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Top CD Rates Today: 15 Choices Offer Historic Returns of 5.75% to 6.50%

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The sun continues to shine for CD shoppers. Not only is the nation-leading rate of 6.50% APY still available, along with the runner-up rate of 6.00% APY—but a new contender has entered the inner circle of CDs offering 5.75% APY or more, bringing the number in that high-paying club to 15.

Joining the elite 5.75% group today is Seattle Bank, which is offering 5.80% APY on an 18-month CD. That also makes it the longest duration CD paying at least 5.75% APY. Meanwhile, Financial Partners Credit Union still tops our daily ranking with its historically high 6.50% APY on an 8-month certificate for deposits up to $5,000. And Credit Human’s choose-your-term 12-17 month CD continues to offer 6.00% APY.

Key Takeaways

The leader in our daily ranking of the best nationwide CDs is holding firm at 6.50% APY, available on an 8-month term but with a maximum deposit of $5,000.
For deposits above $5,000, you can earn a top rate of 6.00% APY on any term you like between 12 and 17 months.
A total of 15 CDs now pay 5.75% or better, up from nine at the start of October.
Shoppers in five states can earn 6.25% APY with a top regional CD.
The Fed is widely expected to hold interest rates steady on Nov. 1, but another rate hike remains possible in December or January.

Below you’ll find featured rates available from our partners, followed by details from our complete ranking of the best CDs available nationwide.

Looking to lock in a great rate for a longer term? The top 2-year CD is paying 5.60% APY, a rate increase that was unveiled last week. If that’s still not long enough, you can secure 5.32% APY for 30 months down the road, or 5.25% APY for 36 or 40 months. All three of those can be found in our daily ranking of the best 3-year CDs.

If you have the option to make a jumbo deposit of at least $100,000, you can boost your 2-year rate to 5.63% APY or your 30-month rate to 5.47% APY.

Note

When asked where they would put an unexpected $10,000 windfall, almost 1 in 5 recently surveyed Investopedia readers said they would choose a CD. Selected by 18% of readers, CDs were the most popular response, outpacing stocks, money market funds, and index funds.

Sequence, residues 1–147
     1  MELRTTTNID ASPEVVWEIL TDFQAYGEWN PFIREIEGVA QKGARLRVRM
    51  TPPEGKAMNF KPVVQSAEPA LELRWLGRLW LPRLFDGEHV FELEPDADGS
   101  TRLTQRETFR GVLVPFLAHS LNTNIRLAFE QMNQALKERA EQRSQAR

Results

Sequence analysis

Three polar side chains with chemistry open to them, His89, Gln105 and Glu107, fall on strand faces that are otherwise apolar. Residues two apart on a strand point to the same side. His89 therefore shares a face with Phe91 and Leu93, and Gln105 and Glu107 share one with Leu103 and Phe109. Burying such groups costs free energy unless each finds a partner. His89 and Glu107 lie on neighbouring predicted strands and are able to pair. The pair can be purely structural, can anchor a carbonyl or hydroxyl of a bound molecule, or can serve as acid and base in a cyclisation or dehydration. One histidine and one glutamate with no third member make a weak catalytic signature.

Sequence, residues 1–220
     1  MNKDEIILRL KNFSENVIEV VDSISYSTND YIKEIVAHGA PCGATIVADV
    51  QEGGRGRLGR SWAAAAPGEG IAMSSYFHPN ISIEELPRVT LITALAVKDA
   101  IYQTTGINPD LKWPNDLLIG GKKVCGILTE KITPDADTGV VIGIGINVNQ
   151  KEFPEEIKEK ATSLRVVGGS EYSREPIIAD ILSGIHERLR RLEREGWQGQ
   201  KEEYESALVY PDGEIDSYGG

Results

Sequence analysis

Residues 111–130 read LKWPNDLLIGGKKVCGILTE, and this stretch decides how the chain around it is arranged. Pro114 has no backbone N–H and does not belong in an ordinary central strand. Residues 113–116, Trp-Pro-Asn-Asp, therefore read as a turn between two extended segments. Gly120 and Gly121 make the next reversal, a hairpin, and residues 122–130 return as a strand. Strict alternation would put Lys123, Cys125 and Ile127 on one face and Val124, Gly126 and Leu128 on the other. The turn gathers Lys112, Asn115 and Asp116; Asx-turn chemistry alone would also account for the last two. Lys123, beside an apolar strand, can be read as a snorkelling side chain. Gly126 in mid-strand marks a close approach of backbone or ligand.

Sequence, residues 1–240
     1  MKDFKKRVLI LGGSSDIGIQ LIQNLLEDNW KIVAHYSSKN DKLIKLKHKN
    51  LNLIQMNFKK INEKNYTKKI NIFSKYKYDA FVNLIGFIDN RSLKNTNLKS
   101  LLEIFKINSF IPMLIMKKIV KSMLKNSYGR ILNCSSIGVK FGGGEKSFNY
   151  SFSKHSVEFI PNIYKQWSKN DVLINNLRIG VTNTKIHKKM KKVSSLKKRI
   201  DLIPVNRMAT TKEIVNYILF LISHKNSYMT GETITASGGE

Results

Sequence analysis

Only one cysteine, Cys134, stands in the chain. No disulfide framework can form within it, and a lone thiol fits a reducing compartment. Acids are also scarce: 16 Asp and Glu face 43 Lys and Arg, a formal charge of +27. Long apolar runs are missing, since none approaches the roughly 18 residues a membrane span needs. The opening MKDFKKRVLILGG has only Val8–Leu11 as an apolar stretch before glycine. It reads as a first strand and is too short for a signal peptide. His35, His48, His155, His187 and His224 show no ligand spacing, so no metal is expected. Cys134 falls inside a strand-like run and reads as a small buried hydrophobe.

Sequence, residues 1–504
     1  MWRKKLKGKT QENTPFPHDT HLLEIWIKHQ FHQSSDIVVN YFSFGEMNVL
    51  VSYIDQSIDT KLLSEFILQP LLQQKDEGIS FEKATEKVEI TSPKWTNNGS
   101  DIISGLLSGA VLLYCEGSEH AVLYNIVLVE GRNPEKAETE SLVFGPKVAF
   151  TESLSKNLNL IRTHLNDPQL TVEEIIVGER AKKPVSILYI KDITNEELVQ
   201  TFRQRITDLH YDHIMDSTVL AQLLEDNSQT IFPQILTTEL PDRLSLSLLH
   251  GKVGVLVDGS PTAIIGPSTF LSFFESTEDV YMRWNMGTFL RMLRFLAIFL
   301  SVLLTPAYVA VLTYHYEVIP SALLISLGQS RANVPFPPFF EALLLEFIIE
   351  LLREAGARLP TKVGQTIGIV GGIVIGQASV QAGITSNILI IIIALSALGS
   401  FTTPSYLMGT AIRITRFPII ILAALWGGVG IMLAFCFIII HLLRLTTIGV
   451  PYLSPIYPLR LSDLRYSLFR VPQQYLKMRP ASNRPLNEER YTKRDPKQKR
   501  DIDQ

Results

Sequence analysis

CD Terms
Yesterday’s Top National Rate
Today’s Top National Rate
Day’s Change (percentage points)
Top Rate Provider
3 months
5.66% APY
5.66% APY
No change
TotalDirectBank
6 months
6.50% APY
6.50% APY
No change
Financial Partners Credit Union
1 year
6.00% APY
6.00% APY
No change
Credit Human
18 months
6.00% APY
6.00% APY
No change
Credit Human
2 years
5.60% APY
5.60% APY
No change
Newtek Bank
3 years
5.32% APY
5.32% APY
No change
Luana Savings Bank
4 years
5.13% APY
5.13% APY
No change
Wellby Financial
5 years
5.00% APY
5.00% APY
No change
Farmers Insurance Federal Credit Union
To view the top 15–20 nationwide rates in any term, click on the desired term length in the left column above.

Nationwide CDs aren’t your only option. Leading rates are sometimes offered by banks and credit unions that serve select regions. While sometimes these territories are small, one particularly competitive CD—paying 6.25% APY—is available to anyone living in one of five lucky states.

CD Term
Today’s Top National Bank Rate
Today’s Top National Credit Union Rate
Today’s Top National Jumbo Rate
3 months
5.66% APY*
5.65% APY
5.20% APY
6 months
5.76% APY*
6.50% APY
5.67% APY
1 year
5.67% APY
6.00% APY*
5.85% APY
18 months
5.80% APY
6.00% APY*
5.75% APY
2 years
5.60% APY
5.50% APY
5.63% APY*
3 years
5.32% APY
5.25% APY
5.47% APY*
4 years
4.90% APY
5.13% APY*
4.86% APY
5 years
4.85% APY
5.00% APY*
4.92% APY
*Indicates the highest APY offered in each term. To view our lists of the top-paying CDs across terms for bank, credit union, and jumbo certificates, click on the column headers above.